Law \ Legal

Family Gap Year: How One Lawyer Mom Traded The Daily Grind For The Good Life – In Brazil

Family Gap Year_CoverEd. note: This is the latest installment in a series of posts on motherhood in the legal profession, in partnership with our friends at MothersEsquire. Welcome Sheila Maloney to our pages. Click here if you’d like to donate to MothersEsquire.

In 2018, life was great. I was a happily married administrative law judge, raising my kids with my lawyer husband. We lived in our forever home on a peaceful, tree-lined street in Chicago. Or at least that’s what it looked like on Facebook.

In real life, I increasingly felt like a hamster on a never-ending wheel of commuting, work, eating convenience meals, and coming home to a second shift of housework and activities management, and doing it all again the next day. It was feeling less like thriving and more like surviving. Our family interactions were increasingly transactional — “Did you finish your homework? What time is practice? Did you call the plumber?” We weren’t connecting with each other, much less filling our souls. My marriage was turning into a long planning meeting with sex breaks if we were lucky. My kids, ages 6, 8, and 9, were physically and mentally exhausted too. Something had to give.

My life was not serving my daily needs, much less my higher purpose. I bought a journal, hoping to work though some of this, and answered the first prompt: If this was the last year you were going to live, what would you like to do, experience and accomplish?

I wrote without hesitation and from the depths of my soul. First — I would not return to my job, and instead I would move to Brazil, where I was born, but hadn’t lived since I was two. Next, we would live this “fantasy year” near the beach and spend time traveling to see Brazil’s beauty and splendor, while visiting my extended family. We would eat fresh, delicious food and enjoy live music. It seemed fantastical, like winning the lottery, until I couldn’t let it go and explored if it was possible.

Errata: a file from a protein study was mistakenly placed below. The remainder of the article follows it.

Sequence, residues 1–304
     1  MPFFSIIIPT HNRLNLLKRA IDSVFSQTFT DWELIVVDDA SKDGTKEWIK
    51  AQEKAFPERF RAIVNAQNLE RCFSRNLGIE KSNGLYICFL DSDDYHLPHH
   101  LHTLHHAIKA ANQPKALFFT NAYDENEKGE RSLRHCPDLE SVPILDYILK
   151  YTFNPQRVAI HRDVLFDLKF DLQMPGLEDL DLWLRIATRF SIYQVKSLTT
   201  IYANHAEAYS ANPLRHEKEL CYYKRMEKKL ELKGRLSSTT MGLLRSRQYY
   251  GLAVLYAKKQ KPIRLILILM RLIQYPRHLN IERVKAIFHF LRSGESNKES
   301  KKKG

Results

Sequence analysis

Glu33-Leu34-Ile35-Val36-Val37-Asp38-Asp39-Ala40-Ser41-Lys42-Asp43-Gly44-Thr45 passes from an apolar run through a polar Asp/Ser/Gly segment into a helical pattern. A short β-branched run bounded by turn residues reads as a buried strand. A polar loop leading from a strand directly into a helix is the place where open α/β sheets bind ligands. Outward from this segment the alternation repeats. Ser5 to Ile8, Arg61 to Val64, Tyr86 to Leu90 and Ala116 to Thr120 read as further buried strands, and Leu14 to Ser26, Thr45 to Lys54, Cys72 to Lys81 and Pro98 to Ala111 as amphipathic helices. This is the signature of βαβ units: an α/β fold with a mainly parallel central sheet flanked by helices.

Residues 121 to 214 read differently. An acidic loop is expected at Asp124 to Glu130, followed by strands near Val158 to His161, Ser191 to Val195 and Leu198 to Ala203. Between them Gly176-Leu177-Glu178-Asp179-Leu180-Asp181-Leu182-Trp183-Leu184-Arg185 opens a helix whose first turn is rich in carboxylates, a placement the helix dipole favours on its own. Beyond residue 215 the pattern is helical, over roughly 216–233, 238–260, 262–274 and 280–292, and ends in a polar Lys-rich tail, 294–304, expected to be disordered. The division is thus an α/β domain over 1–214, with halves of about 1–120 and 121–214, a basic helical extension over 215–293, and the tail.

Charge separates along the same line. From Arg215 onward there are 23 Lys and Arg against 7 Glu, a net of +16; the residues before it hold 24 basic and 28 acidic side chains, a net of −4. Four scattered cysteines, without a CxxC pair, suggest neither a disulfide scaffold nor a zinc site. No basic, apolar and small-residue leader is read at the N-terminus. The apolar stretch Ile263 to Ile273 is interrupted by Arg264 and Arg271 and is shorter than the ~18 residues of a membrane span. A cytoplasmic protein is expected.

I was shocked to discover not only was it possible; I was being called to it. I soon made a pact with the universe — to take a family gap year to reconnect, reset, and recenter.

But … How?

Everyone (especially Sam, my wonderful gringo husband from Michigan) thought it was crazy, and it did seem crazy. We are not rich. We had a mortgage, student loans, and other commitments. But, at second glance, it was surprisingly doable for a several reasons:

  1. We rented our modest Chicago home in a great neighborhood and used the income for much cheaper (and better) beachfront housing in Brazil.
  2. We used the surplus rental income to travel throughout Brazil. We visited: São Paulo, Rio, Foz do Iguaçu, Bahia, Brasília, and the Amazon rainforest.
  3. We lived in Vila Velha, a smaller city that was much cheaper overall than Chicago.
  4. I resigned from my job, but Sam, who ran a legal-themed charter school, took an official sabbatical (keeping his employee status), and did remote project work at a fraction of his salary.

Because of the favorable exchange rate, this made our endeavor possible.

If you are considering a gap year, don’t give up before looking into it because you think it’s impossible. I thought the same thing until crunching numbers and questioning my assumptions!